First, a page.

Notable among the new legislation it contains are the reform of the legal rules on securitisation, the abundant improvements made to capital market access and functioning (bond issuance) and the rules on crowdfunding platforms laid out for the first time in Spanish law.

Reforms rally

As you can see, the number of legislative changes in the financial industry is huge. Altogether, the reform process undertaken has completely changed the legal framework, mirroring the new EU directives approved over recent years.

Although some “stages” have been less fortunate than others, on balance the amendments deserve, for the time being, to be seen in a good light. They have not only modernised the Spanish regulatory framework –now comparable to the most developed jurisdictions– but have also notably simplified the applicable legal regime by restating and combining several disperse pieces of legislation. As we know from experience though, the hardest test has yet to come - putting all this into practice.

Fernando Vives Ruiz

Executive chairman and managing partner



About the author

Executive Chairman and Managing Partner of Garrigues since September 2014.

Managing Partner of Garrigues in September 2009.

Fernando Vives has more than twenty-five years’ experience at Garrigues and has been a partner since 1998.

Between 2001 and 2009 he headed Garrigues’ Corporate/Commercial Law practice, encompassing the securities market, financial services, real estate, energy and telecommunications, EU and competition and M&A areas.

He practices in the areas of securities market law, corporate law, M&A, private equity, banking & finance law and insurance law, with particular emphasis on capital markets and financial services.

He specializes in major transactions involving mergers, reorganizations, tender offers, corporate LBOs, securities issues and public offerings, and regulatory matters concerning listed companies. He regularly advises on major M&A deals and is actively involved in private equity transactions, working on related tasks and on raising outside financing. He also has a wealth of experience in the insurance industry, where he advises numerous insurance groups operating in Spain.

He also acts as adviser to the shareholders’ meetings and boards of directors of some of the largest listed companies in Spain on corporate governance-related matters: Telefónica, S.A., Banco Bilbao Vizcaya Argentaria, S.A., Iberdrola, S.A., to name but a few.

• As board secretary to listed companies and associations:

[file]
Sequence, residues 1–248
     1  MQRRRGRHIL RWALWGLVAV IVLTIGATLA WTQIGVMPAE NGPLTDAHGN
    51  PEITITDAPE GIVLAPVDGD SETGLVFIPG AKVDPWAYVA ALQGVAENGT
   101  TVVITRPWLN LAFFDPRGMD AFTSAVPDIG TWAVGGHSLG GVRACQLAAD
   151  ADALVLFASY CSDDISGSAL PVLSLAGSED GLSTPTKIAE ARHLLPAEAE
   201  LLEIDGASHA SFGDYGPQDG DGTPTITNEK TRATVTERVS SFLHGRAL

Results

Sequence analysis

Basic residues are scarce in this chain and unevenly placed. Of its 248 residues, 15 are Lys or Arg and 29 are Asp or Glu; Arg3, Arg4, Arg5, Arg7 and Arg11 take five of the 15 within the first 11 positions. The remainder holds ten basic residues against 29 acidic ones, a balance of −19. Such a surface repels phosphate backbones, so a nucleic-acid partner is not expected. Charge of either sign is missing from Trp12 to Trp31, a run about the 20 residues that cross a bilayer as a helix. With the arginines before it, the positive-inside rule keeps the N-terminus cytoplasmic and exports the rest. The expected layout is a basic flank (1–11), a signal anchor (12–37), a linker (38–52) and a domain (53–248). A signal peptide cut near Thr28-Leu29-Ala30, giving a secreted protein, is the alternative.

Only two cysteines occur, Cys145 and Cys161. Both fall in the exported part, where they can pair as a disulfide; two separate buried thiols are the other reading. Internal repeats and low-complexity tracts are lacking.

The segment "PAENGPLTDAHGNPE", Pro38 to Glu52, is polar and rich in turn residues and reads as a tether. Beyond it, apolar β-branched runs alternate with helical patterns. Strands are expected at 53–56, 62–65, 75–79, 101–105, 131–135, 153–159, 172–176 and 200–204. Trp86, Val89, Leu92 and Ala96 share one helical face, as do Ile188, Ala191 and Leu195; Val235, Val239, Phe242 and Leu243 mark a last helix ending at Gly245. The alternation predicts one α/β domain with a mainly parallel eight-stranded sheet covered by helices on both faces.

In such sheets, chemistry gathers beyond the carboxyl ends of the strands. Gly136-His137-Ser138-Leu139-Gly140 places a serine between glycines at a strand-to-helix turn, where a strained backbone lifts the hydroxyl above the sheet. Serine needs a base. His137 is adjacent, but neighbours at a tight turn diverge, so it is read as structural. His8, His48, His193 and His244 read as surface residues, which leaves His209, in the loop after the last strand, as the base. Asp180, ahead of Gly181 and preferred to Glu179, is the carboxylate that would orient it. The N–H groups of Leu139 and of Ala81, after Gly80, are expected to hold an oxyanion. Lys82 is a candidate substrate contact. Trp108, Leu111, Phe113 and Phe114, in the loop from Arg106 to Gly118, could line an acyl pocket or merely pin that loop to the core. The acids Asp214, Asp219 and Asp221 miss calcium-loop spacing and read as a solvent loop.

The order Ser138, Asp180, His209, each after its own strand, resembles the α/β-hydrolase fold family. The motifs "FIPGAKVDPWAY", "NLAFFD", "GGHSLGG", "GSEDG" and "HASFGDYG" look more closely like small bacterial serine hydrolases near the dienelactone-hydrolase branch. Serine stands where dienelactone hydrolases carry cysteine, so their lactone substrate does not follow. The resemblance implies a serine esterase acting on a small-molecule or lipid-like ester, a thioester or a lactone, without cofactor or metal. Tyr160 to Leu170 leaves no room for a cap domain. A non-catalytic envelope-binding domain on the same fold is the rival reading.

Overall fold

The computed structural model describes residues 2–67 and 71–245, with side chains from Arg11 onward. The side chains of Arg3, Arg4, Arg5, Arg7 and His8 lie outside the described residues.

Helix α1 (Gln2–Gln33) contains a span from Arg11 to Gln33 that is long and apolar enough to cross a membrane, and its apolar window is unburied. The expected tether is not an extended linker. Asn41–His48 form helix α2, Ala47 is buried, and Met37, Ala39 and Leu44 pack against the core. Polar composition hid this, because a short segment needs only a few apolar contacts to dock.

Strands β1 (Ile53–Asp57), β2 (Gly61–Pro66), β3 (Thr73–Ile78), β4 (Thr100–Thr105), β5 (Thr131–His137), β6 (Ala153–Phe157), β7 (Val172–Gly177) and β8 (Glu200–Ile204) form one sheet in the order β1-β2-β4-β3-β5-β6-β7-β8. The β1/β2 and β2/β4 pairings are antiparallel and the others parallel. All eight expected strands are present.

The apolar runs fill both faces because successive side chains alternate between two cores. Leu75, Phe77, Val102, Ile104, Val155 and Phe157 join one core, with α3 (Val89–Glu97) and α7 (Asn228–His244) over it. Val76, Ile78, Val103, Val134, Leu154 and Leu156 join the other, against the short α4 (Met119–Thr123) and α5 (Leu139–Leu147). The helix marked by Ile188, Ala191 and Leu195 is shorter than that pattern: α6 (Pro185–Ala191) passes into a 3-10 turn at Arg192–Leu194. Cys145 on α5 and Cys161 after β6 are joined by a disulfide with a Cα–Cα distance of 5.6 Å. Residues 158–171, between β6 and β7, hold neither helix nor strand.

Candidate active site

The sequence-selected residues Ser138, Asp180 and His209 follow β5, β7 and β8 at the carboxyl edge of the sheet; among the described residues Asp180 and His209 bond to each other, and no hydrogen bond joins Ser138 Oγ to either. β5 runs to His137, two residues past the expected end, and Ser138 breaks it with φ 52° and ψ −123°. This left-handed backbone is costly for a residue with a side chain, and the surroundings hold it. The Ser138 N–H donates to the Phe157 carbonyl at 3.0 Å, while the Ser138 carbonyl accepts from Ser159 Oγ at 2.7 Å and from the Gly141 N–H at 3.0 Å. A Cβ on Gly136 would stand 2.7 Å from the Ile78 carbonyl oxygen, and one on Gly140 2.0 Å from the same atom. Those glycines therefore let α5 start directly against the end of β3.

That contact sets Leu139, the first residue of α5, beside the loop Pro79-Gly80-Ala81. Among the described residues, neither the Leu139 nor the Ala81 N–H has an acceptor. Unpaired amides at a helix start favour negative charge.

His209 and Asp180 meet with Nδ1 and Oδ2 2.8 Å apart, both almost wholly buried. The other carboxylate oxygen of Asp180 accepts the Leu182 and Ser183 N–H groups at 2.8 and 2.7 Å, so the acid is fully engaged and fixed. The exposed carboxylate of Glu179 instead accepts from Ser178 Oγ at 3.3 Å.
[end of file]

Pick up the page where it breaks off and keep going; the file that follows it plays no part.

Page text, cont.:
• Board secretary of International Consolidated Airlines Group (IAG), which is listed on the Spanish continuous market and the London Stock Exchange. It is the only Spanish company listed on both the Ibex-35 and the FTSE 100, from June 2010 to November 2013.
• Director and Board secretary of Asociación para el Progreso de la Dirección (APD) since May 2013.
• Board secretary of Prosegur Compañía de Seguridad from July 2005 to 2012.

Collaborations with public institutions:

• Member of the Corporate Governance Committee of Experts set up under a resolution of the Cabinet of Ministers on May 10, 2013 within the framework of the 2013 National Plan of Reforms to advise the Spanish government on the broadening of the current Good Corporate Governance framework in Spain.
• Member of the Advisory Committee of the Spanish National Securities Market Commission, chosen by its Board as a renowned professional, since 2012.
• Fernando was a member of the working group appointed by a decision of the Spanish Accounting and Audit Institute (ICAC) on April 4, 2008 to prepare draft standards for the preparation of consolidated financial statements, which contributed to the final wording of Royal Decree 1159/2010, of September 17, 2010, approving Standards for the Preparation of Consolidated Financial Statements and amending the Spanish National Chart of Accounts approved by Royal Decree 1514/2007, of November 16, 2007, and the National Chart of Accounts for Small and Medium-sized Enterprises approved by Royal Decree 1515/2007, of November 16, 2007.
• Member of the working group created pursuant to the Decision of September 22, 2005, of the Spanish Accounting and Audit Institute (ICAC), to create subgroups tasked with studying different matters, within the working group appointed to prepare a base document for the reform of the Spanish National Chart of Accounts. He formed part of subgroup 9 on business combinations, joint ventures and consolidation as a commercial law expert.